NALEO: Latino Vote to Exceed 12.2 Million in 2012 Elections

Story tools

A A AResize

Print

 

WASHINGTON -- The Latino vote is expected to exceed 12.2 million in the 2012 elections, according to a study released today by the National Association of Latino Elected and Appointed Officials (NALEO). The report, presented at NALEO's conference in San Antonio, is a projection based on data from the past four presidential elections.

About 9.7 million Latinos voted in the 2008 election, when President Barack Obama was elected, according to NALEO, compared to 7.6 million Latino voters who went to the polls in 2004.

The group expects 12.2 million Latinos will vote in the 2012 presidential election, which would represent a 25 percent increase from 2008. According to NALEO's projection, Latino voters would account for 8.7 percent of total voters in the country.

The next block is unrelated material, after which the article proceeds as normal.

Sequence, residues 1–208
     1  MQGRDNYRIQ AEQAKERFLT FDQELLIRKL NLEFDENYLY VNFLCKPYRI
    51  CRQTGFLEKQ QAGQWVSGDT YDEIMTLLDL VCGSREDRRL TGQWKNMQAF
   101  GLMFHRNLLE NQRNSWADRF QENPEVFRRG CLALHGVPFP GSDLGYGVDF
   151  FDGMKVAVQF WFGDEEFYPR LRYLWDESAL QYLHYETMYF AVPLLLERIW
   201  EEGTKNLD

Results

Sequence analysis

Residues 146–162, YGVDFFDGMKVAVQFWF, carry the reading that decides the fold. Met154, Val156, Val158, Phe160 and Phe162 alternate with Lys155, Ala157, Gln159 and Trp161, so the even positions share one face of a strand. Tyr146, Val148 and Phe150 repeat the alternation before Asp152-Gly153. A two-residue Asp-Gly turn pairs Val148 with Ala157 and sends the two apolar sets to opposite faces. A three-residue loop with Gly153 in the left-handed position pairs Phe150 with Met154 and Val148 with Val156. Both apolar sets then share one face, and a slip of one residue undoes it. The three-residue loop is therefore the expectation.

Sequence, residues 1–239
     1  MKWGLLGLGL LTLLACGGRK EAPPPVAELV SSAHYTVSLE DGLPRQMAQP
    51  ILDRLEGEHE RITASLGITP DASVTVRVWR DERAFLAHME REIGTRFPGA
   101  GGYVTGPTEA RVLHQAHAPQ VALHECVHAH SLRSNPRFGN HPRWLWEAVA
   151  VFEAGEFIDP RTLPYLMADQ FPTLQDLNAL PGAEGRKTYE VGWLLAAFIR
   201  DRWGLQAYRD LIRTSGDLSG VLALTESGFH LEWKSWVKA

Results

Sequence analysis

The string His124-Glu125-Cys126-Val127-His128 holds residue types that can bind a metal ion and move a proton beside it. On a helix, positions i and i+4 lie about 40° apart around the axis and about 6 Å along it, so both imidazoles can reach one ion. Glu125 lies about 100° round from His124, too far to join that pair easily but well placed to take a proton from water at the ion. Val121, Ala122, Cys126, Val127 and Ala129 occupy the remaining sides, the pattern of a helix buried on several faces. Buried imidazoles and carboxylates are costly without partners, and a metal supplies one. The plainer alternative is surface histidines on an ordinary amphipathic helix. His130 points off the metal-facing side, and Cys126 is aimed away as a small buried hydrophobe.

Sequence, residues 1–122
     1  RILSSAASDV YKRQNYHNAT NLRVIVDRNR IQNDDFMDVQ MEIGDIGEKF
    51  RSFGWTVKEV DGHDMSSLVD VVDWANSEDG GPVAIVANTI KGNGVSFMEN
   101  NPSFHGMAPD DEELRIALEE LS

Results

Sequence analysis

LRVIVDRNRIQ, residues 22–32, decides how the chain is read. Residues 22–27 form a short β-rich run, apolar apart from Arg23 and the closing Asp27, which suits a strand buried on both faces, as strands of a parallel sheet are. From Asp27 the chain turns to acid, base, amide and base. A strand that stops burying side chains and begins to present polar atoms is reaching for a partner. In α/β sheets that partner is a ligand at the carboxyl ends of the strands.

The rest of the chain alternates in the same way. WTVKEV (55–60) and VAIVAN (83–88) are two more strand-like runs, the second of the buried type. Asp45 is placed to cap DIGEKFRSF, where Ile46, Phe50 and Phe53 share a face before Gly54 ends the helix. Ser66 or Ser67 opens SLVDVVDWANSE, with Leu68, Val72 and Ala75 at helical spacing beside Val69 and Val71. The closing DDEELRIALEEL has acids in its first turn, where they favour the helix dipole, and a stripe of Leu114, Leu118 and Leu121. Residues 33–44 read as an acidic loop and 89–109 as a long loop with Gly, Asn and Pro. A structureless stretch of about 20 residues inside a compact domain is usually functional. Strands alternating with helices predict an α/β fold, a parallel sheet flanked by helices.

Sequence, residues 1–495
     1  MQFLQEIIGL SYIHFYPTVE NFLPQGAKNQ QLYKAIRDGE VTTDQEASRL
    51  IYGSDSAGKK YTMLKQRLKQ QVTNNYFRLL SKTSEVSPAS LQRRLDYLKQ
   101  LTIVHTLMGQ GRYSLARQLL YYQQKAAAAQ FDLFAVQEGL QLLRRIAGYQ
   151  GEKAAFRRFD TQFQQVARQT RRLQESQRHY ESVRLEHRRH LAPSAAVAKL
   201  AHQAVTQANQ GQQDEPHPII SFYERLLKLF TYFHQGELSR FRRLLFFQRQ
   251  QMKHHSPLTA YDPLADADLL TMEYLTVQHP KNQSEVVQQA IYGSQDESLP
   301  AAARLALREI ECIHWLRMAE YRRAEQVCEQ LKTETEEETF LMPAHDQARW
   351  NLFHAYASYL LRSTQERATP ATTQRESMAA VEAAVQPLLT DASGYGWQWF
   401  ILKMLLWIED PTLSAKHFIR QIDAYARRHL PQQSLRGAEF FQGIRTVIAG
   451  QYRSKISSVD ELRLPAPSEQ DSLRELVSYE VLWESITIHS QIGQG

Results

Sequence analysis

Projections indicate that California, Florida and Illinois will see the largest increases compared to 2008.

But NALEO executive director Arturo Vargas warned that Latinos, who are the fastest-growing minority in the country, must become more engaged in the electoral process.

"We need to develop a culture of participation in which we vote every year," Vargas said.

Watch Univision's report from the NALEO conference in San Antonio.